Sketch ready:
Final drawing:

M 37

M 37

Drawing data

M 37 Aur OC
Date(s) of observation:
2013.10.31/11.01. Kerepes
2013.11.27/28. Kerepes
2013.12.01/02. Kerepes
2013.12.27/28. Ágasvár
2014.02.03/04. Kerepes
2014.09.25/26. Emberger Alm (Ausztria)
Place(s) of observation:
Kerepes, Ágasvár, Emberger Alm (Austria)
Telescope(s) used:
4" f/4 Newtonian (Dobson)
Enlargement(s) used:
40x (10mm Delos)
Field size:
Author / Observer:
Peter Kiss


M 37 drawing inverted into positive.
M 37 drawing inverted into positive.

M 37 is undoubtedly the most spectacular of the three Messier open clusters in Auriga. With members in the order of 1000 and an apparent visual magnitude of 5.6mg this is a brutal open cluster. No wonder that this is the 109th Messier object that I drew (M 46 is the last Messier object that I have not yet drawn). I have a slightly negative experience connected to M 37: I stared to draw it on the night of the 15th of January, 2001. But after 45 stars the clouds came in and I never touched that drawing again. And I didn't have much will left to cope with M 37 for years.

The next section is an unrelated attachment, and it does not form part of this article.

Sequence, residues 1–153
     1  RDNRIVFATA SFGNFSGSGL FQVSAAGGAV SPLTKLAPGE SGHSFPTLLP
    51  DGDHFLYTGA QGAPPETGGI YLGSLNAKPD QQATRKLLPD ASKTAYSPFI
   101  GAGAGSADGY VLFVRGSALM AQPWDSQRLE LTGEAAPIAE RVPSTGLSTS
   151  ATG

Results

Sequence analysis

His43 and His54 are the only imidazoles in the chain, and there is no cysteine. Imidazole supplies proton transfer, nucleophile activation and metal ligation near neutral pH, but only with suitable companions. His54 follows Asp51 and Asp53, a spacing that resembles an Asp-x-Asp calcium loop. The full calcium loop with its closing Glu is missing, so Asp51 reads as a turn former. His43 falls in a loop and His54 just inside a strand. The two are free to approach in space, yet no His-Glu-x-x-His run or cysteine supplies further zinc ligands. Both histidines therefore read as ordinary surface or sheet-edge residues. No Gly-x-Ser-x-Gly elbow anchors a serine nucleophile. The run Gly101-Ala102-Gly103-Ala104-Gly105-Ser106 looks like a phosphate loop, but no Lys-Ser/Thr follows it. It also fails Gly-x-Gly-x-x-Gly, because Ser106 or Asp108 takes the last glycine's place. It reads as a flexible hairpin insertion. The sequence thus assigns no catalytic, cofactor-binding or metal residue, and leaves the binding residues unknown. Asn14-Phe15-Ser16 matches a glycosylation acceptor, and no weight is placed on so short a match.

I was cheating a bit with this drawing: right before starting the sketch by the telescope I drew the positions of the 50-60 brightest stars into the sketch from Guide. This means a tiny dot of the same size for all the predrawn stars. I was thinking a lot about the composition. But there is sort of nothing nearby except for the open cluster King 8. But I had already drawn it in 2000. There is not even a really bright star in the field or around it. This probably adds to the impression that M 37 is so much dominating this part of the sky.

There is one star that stands out: the red giant HD 39183 right at the center at 9.2mg. At least a hundred stars can be drawn by position with the little 4" telescope using 40 - 67x enlargements. Unfortunately there are areas inside the cluster where I was unable to draw the stars precisely one-by-one although the cluster was fully resolved. These areas are densely populated with faint stars. Furthermore the size of the dots on the paper corresponding to the stars represents a limitation. The resolution is better in the eyepiece than in the 10 cm circle on paper.

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